A DNA-authentication technology was recently used to interdict a shipment of mislabeled textiles that resulted in more than $1 million of inventory being held in quarantine.
The technology, developed by Applied DNA Sciences of Stony Brook, N.Y., intercepted products consisting of an assortment of yarn, finished fabric and garments that could have been mislabeled, and subsequently marketed and sold in retail outlets in the United States and around the world.
Some manufacturers are known to substitute cheaper fibers during the spinning of yarn and the weaving of fabric. Fiber substitution increases the gross margin for the manufacturer, but lowers product quality, durability, color fastness, texture and even safety.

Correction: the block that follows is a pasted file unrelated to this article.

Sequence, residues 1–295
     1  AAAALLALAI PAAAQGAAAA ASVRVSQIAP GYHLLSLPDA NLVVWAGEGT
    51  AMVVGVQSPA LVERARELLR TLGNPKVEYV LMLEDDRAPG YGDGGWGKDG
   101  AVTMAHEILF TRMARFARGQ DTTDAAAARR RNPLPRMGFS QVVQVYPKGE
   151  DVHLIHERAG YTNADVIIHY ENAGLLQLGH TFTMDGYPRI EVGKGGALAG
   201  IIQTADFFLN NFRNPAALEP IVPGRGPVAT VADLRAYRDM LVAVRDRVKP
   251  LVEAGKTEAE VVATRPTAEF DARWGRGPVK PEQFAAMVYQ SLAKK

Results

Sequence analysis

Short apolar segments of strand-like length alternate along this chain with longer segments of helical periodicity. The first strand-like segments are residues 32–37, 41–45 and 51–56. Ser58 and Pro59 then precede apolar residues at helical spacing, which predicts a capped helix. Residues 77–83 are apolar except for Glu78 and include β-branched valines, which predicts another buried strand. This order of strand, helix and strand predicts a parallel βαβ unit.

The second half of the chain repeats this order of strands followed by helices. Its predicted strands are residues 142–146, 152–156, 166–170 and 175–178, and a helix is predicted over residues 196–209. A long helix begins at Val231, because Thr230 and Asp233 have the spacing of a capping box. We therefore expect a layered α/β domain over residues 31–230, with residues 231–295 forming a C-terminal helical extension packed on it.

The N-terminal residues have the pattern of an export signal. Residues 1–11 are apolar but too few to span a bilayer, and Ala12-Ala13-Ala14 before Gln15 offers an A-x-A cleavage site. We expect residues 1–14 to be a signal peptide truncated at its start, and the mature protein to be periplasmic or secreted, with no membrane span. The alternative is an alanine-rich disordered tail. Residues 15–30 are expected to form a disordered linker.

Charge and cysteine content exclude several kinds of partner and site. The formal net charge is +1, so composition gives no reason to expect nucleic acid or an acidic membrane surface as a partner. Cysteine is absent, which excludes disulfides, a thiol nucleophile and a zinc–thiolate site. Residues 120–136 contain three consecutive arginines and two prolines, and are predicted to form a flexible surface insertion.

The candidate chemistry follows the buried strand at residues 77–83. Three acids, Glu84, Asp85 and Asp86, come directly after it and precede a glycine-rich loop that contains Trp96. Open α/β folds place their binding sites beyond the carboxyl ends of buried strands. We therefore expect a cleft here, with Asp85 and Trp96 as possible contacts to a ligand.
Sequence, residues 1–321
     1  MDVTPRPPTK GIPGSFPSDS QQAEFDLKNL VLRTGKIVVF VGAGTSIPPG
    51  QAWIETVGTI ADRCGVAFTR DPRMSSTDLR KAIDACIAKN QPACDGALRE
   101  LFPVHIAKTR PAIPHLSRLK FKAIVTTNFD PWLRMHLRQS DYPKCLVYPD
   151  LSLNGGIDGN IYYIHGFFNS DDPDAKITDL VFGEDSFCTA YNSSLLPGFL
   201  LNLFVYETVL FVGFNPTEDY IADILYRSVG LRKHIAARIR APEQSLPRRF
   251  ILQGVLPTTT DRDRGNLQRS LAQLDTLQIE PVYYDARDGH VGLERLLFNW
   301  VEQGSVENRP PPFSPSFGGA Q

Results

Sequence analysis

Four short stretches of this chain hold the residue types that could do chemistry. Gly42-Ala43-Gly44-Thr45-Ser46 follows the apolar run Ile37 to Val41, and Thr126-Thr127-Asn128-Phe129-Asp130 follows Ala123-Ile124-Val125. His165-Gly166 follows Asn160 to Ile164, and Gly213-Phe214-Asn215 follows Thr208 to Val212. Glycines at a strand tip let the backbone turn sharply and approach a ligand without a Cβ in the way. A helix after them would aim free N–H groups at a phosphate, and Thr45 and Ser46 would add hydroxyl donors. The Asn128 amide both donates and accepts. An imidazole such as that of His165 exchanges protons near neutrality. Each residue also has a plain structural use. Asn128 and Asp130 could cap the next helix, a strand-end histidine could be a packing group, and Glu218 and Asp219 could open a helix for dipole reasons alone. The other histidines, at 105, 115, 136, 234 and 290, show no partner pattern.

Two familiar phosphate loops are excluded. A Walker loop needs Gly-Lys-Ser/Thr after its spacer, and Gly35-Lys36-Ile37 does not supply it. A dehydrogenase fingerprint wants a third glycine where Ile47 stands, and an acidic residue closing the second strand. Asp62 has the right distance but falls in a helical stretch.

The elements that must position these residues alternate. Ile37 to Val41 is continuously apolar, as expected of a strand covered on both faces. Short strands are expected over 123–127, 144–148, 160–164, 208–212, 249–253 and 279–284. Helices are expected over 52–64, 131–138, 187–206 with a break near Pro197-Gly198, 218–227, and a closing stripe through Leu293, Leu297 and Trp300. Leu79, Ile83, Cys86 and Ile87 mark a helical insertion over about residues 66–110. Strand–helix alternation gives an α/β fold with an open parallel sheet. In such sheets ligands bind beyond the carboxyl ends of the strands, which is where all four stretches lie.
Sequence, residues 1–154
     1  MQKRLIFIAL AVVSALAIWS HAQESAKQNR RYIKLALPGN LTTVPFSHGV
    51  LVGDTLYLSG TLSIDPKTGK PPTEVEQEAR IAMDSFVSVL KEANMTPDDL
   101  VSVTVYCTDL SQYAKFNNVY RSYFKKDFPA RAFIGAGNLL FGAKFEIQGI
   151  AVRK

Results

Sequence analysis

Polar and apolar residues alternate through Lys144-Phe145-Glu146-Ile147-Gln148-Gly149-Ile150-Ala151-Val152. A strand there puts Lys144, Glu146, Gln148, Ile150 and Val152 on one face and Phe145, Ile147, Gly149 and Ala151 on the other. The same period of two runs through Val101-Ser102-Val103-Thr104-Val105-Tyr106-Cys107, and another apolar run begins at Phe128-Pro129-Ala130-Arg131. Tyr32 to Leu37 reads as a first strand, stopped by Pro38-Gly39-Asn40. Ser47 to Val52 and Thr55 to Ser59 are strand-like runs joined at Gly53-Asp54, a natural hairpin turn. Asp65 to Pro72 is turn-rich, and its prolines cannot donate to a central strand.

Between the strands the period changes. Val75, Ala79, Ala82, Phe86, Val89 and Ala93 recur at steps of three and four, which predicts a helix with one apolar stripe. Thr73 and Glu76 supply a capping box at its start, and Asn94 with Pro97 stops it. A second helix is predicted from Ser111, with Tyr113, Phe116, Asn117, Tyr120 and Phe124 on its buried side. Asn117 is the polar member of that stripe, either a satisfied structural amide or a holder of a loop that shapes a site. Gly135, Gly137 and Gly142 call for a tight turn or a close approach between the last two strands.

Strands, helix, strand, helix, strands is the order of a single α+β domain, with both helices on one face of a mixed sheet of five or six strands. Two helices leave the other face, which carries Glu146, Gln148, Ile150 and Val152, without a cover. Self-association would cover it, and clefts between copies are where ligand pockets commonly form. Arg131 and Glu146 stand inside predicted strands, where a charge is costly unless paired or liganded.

In the past, Applied DNA Sciences has independently purchased garments and linens and, through its DNA-authentication testing, has revealed in some cases that as much as 80 percent of the products tested were not compliant with their own product labeling. In the United States, such mislabeling is in violation of the Lanham Act, normally enforced by the Department of Justice and monitored by the Federal Trade Commission.
Applied DNA Sciences provides botanical-DNA-based security and authentication solutions and services.